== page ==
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This South African Documentary Explores Skin Lightening Among Women of Color

Some were just trying to get rid of pimples, while others were succumbing to societal pressures.

A Gentle Magic is a 55-minute-long documentary by South African documentary filmmaker Lerato Mbangeni, US journalist Susie Neilson, Graeme Aegerter (producer) and Tseliso Monaheng (co-director).


For the film, which explores skin lightening among women of color, the crew travelled to Cape Town, Johannesburg and some parts of the Eastern Cape. There are interviews with students, artists, salon owners, and prominent figures such as Milisuthando Bongela, editor of Friday, the arts section of the Mail & Guardian.

This variance in voices gives an interesting perspective of how and why rural and urban women prefer their skin lighter. Some were just trying to get rid of pimples, while others were succumbing to the societal pressures that equate looking lighter to being prettier.

The documentary also explores the health implications of skin lightening. Research by Professor Ncoza Dlova, a dermatologist and chief specialist and head of the department of dermatology at the University of KwaZulu-Natal, offers an entry point into the documentary. She's of the notion that it's society that pressures black women to want to appear lighter.

A Gentle Magic doesn't only excel in giving voices to women from different walks of life. But the cinematography makes it a visual poem by way of cutaways that may, at first, not appear connected to the stories.

There are cutaways of young people living carefree, and the geography of the different locations the film was shot in is exhibited. Those shots intercut with the interviews to give the viewers' eyes something positive to rest on, as the heartbreaking stories of altering one's skin is told lay by layer.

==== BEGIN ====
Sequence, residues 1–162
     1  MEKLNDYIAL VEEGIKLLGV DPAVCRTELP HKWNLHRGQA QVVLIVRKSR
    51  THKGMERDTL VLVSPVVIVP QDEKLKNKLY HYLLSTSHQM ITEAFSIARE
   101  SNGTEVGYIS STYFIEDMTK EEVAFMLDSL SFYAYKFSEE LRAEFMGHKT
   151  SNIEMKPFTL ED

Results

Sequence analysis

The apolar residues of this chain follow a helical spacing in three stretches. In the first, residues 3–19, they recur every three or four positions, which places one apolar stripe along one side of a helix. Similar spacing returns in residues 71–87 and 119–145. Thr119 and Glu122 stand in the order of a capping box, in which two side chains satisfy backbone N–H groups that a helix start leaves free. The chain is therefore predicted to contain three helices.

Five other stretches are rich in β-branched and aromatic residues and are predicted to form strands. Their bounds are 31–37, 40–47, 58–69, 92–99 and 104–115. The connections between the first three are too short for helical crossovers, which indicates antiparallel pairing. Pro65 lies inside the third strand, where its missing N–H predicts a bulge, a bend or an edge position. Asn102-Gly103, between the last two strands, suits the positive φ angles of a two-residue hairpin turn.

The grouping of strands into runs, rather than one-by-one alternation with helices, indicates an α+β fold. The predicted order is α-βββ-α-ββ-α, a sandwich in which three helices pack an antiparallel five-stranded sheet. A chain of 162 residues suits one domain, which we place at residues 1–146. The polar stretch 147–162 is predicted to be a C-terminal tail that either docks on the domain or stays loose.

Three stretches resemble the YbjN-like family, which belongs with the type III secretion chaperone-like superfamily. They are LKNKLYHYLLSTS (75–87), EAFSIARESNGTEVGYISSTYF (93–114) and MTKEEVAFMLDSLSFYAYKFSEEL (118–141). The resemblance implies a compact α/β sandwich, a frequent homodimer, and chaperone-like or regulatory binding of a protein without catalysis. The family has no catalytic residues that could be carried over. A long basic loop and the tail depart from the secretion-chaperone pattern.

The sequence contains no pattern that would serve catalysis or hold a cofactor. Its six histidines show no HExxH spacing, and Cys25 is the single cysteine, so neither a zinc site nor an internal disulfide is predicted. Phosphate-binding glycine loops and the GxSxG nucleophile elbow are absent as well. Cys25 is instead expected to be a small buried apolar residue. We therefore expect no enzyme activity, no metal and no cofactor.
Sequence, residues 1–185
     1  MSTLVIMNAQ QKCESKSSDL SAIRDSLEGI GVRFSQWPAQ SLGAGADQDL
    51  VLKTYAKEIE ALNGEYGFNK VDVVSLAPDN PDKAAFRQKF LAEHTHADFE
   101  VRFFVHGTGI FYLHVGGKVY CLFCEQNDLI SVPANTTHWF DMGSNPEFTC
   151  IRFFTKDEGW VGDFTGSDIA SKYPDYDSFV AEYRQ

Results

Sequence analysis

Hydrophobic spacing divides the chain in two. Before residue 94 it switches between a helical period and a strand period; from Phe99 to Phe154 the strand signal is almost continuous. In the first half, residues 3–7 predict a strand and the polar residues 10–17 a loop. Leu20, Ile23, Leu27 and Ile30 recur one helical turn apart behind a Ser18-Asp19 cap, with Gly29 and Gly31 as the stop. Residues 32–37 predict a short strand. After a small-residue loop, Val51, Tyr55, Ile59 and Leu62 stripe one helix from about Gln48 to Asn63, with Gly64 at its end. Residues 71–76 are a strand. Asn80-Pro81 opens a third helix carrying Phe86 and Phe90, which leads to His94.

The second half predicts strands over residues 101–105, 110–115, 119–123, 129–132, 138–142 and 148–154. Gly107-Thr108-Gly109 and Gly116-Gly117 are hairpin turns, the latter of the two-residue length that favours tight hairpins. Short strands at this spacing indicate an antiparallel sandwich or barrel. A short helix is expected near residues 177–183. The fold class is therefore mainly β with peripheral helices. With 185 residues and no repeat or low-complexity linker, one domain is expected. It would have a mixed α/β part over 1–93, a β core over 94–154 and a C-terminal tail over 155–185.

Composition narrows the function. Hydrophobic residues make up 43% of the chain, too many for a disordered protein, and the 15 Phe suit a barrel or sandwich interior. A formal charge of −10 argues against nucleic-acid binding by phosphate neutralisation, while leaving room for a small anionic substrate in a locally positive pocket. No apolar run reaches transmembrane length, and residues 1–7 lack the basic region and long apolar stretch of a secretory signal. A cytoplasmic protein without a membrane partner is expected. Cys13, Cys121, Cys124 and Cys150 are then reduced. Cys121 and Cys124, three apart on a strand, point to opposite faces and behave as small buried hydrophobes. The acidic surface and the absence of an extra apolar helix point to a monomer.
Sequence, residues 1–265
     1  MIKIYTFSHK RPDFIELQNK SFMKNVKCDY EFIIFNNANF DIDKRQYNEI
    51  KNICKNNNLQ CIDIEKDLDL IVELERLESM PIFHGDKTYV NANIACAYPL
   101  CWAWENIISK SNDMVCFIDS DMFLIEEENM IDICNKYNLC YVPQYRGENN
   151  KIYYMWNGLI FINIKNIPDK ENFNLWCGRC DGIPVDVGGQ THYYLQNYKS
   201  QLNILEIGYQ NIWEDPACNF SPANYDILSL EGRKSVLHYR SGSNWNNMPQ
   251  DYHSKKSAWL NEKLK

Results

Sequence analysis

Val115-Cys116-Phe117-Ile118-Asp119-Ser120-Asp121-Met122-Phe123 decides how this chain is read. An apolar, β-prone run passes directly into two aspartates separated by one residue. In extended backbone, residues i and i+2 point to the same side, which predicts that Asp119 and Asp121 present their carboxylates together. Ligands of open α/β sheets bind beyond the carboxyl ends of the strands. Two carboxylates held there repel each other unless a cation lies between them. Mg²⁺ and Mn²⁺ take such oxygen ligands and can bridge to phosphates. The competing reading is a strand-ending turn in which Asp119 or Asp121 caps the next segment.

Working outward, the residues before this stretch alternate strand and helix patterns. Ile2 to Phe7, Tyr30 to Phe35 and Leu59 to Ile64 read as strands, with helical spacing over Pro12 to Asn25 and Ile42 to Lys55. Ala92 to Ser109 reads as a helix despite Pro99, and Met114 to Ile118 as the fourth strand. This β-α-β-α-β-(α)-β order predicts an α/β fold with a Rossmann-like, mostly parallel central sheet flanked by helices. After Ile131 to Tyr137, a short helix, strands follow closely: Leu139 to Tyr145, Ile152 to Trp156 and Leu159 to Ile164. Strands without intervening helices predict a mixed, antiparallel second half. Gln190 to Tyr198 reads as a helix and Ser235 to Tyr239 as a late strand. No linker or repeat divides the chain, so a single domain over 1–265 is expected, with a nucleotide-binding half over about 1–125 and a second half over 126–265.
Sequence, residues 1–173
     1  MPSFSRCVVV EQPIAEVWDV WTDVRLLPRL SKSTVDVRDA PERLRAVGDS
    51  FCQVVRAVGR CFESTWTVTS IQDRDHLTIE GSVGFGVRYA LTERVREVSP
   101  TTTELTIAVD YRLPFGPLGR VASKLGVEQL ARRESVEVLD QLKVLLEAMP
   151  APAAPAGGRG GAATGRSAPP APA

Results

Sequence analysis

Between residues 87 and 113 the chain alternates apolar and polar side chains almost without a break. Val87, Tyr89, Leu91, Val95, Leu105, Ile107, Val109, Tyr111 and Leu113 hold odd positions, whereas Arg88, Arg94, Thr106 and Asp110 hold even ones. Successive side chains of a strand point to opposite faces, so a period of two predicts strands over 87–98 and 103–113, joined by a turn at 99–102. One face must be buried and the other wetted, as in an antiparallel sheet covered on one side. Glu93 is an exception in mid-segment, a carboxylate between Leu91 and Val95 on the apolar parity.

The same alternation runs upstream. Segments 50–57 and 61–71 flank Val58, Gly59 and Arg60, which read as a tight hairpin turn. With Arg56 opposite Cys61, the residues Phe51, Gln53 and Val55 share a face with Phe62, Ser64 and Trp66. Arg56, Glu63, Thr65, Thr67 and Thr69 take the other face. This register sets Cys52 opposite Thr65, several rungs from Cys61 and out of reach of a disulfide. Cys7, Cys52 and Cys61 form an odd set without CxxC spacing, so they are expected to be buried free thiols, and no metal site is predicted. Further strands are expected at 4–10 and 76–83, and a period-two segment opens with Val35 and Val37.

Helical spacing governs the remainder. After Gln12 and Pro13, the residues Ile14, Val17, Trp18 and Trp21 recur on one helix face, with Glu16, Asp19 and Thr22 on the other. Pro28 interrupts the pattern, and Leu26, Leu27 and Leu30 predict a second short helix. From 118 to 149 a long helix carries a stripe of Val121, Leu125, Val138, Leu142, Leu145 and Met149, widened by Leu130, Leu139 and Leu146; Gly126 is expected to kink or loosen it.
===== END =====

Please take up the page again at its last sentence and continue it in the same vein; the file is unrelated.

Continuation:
Watch the trailer of A Gentle Magic below. Follow the crew on Twitter for South African screening dates or email them: susancneilson@gmail.com.

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(Youtube)

11 Rwandan Artists You Should Be Listening To

Musicians like Bushali, Kivumbi King, Rita Ange Kagaju, and Alyn Sano have been putting their mark on the ever-changing Rwandan soundscape.

The current landscape of modern Rwandan music is more dynamic than ever before, from updated versions of traditional folk sounds to the recent 'KinyaTrap' phenomenon that has permeated playlists across the country. For decades, Rwandan airwaves have been dominated by international hits — and by a handful of established Rwandan superstars — but now, as the country continues to develop and diversify, so does its musical setting, with new and different sounds ascending from the hills. The past five years have seen the emergence of an army of young artists eager to reclaim their languages (Rwanda has four official languages) and identity, interlacing their music with influences that stretch far and wide.

Here are 11 artists that have emerged in the past five years to put their mark on the ever-changing Rwandan soundscape.

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